Tuesday, April 28, 2009

My Addiction

Yesterday afternoon, I was able to spend 15 minutes at the library, alone without kids. A rare treat! Of course, I quickly got lost browsing in the new adult books section. I found several books that looked interesting and checked them out. Since then, I've been enjoying reading and feasting on my new finds.

For me, books are like food. I eat them up. I can't remember a time when I didn't like to read. One of the things I remember enjoying as a kid was our regular trips to the local library. I'd check out a stack of about a dozen books and devour them over the next two-to-three weeks. Then, I'd return them and get another stack.

This afternoon, I was able to spend a delicious hour with a book about creating spaces in our homes. The author is self-taught artist and designer but not an interior designer. She shared her experience with buying a house and making it her own. It wasn't your typical interior design book and gave me some great ideas on the process of creating spaces that are livable and enjoyable and not just for show.

I love all kinds of books: fiction, non-fiction, history, business, finance, self-help, mystery, young adult,... Usually, I'm reading at least two or three books at a time. Right now, I'm reading Jean Chatsky's The Difference, Jason F. Wright's Recovering Charles, a book about ETF's, and a couple others.

Why do I read? To learn new things or new skills, to understand the world better, to be entertained, to get away (take a mind vacation), and to see someone else's point of view.

I also love to read to my kids. There are some amazing illustrated children's books. I think the love of reading is a gift a parent can give a child. Charlie loves it when I read to him and he loves to "read" to himself. We always read a story before naps and bedtime. Ellie's still young and won't sit still to be read to but she loves looking at the books we have around the house. I often find her sitting on the floor turning the pages of a book she's found.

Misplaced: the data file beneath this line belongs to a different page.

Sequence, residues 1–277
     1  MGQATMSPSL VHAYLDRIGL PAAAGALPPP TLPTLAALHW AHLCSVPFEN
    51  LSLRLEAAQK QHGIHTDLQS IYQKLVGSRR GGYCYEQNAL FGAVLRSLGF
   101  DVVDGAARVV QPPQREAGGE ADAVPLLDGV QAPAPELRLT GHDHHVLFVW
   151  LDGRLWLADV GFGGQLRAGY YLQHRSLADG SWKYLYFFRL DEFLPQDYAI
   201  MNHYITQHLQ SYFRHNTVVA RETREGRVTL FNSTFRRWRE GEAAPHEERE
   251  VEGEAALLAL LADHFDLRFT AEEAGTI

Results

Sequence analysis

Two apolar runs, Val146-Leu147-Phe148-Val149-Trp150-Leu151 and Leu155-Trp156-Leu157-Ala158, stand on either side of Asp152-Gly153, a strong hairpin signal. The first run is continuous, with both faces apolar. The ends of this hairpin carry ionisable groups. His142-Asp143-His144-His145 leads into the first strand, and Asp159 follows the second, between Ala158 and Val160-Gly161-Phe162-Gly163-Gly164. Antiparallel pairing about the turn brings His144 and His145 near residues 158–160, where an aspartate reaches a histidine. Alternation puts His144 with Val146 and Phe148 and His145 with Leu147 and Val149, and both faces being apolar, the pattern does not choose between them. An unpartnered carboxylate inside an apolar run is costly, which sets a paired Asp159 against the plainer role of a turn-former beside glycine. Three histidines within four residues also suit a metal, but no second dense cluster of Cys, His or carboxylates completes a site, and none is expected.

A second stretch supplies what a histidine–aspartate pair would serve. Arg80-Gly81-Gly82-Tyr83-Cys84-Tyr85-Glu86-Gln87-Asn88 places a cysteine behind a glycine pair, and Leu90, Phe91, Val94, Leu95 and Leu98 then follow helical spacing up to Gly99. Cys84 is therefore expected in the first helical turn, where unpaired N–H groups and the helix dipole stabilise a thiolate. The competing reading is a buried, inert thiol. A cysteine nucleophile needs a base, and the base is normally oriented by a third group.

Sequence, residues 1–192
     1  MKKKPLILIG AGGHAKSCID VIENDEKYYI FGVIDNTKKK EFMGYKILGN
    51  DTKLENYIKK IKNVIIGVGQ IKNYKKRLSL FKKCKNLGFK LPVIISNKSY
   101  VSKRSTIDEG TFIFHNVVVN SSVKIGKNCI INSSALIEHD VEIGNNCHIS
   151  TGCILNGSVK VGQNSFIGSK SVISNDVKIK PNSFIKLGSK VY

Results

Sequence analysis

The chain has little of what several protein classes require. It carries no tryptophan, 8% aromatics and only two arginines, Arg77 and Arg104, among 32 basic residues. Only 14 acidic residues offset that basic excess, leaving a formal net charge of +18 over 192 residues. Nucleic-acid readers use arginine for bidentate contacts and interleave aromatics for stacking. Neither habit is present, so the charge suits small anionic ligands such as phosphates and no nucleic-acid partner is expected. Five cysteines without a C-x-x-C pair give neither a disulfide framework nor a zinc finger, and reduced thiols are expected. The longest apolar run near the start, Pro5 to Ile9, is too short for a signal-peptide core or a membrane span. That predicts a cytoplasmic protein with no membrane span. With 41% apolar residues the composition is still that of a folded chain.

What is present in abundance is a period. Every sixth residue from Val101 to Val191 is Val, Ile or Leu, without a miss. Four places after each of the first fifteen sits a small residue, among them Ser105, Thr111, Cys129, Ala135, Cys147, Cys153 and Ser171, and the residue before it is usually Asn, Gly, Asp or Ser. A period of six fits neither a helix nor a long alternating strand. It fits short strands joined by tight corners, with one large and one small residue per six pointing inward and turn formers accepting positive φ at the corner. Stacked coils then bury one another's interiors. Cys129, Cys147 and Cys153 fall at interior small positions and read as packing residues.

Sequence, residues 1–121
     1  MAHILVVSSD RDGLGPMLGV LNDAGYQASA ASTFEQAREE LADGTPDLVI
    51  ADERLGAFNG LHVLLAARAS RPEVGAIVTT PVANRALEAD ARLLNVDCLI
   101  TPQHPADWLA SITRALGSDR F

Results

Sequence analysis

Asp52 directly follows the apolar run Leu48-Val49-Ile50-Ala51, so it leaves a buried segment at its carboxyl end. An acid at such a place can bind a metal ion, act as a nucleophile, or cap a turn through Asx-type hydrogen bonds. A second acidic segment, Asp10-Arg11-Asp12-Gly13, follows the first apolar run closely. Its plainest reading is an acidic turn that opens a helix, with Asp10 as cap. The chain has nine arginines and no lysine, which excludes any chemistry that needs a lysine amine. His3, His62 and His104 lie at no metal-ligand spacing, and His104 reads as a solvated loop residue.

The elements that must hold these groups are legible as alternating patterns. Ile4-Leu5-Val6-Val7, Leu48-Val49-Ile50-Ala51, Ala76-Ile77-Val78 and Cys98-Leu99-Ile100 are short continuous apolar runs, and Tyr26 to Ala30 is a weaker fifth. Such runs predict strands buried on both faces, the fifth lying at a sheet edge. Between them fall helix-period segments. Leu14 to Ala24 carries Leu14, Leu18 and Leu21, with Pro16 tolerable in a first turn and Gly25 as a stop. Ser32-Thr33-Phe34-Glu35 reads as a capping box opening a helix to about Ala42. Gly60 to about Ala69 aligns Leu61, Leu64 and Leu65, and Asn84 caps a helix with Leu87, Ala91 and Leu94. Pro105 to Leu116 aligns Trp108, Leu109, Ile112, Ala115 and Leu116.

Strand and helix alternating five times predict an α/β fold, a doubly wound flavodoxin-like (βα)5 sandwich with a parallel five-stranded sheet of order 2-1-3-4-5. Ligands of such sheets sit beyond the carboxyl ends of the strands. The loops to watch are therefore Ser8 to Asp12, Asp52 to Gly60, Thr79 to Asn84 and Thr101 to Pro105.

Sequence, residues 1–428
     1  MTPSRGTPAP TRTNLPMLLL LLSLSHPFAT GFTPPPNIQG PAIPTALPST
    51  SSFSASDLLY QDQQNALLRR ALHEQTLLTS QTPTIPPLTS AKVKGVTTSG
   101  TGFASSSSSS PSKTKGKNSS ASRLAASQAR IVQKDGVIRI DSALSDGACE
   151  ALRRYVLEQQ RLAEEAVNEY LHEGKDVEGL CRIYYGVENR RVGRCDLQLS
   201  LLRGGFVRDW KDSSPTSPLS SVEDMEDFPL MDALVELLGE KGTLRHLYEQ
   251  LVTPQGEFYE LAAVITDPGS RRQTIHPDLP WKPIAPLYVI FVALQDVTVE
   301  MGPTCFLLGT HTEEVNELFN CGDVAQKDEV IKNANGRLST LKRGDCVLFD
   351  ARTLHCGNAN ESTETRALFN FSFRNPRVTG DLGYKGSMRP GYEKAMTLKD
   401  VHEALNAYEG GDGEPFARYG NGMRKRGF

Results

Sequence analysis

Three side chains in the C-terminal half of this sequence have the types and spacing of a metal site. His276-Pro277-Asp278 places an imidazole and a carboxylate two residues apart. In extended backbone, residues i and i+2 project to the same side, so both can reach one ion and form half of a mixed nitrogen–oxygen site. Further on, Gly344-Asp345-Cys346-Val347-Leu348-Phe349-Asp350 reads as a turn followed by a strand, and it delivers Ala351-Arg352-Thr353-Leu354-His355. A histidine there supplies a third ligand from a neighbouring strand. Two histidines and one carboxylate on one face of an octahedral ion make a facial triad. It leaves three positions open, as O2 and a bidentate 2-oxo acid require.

The only downside to my love for reading is that it's akin to an addiction. If I'm really involved with a book, I have a hard time putting it down. Sometimes, I feel the urge to keep reading even though housework or other things are calling for my attention. I tend to get lost in the story. I find myself intending to read just 15 minutes and the next thing I know, it's been an hour. So, I have to watch myself. Despite their addictive nature, books bring me joy!

Thursday, April 23, 2009


Ellie is teething. She has had two bottom teeth for the longest time but recently more teeth have been coming in. A few days ago, it looked funny because she had another bottom tooth coming in and one on top also coming in on the right side. But since then, the second tooth on top appeared suddenly and another one sprouted to the left of her bottom ones so it's more balanced now. Her appetite has been terrible and she's been very fussy. I've basically stopped buying baby food because she won't eat any of it. It's like she's decided she's not a baby anymore and refuses to eat anything mushy - except for the applesauce. I don't know why I've been buying baby apple and pear sauce when I could've started feeding her apple sauce months ago! Unfortunately, there's not too many things she can eat with just a few teeth. I'm looking forward to her getting more teeth so she can expand her menu.

I've learned something new about Charlie. He definitely has a hard time with being in new situations. I caught a glimpse of it when he freaked out the first Sunday he went to Sunbeams. It took him a few weeks but he did finally get over it and now he tells us all about how he got to go to "primary school." He loves singing the primary songs they're learning this year. The other night, he sang "My Eternal Family" and got all the words and the tune right! I'm hoping he inherited the Schmidt genes for music.

Last week, Charlie had to be in another new situation and reacted the same way as he did with going to Sunbeams initially. I signed him up for a once a week gymnastics class through the city's rec department. Last Monday was his first time going and he just bawled. One of the instructors had to hold him and he wouldn't stop crying for at least 25 minutes. He kept saying he didn't want to do gymnastics. I kept reassuring him that he didn't have to do it and that if he wanted to go back to class, I'd go with him. I also told him we could just sit and watch with him. By the end of class, we made it to sitting at the doorway.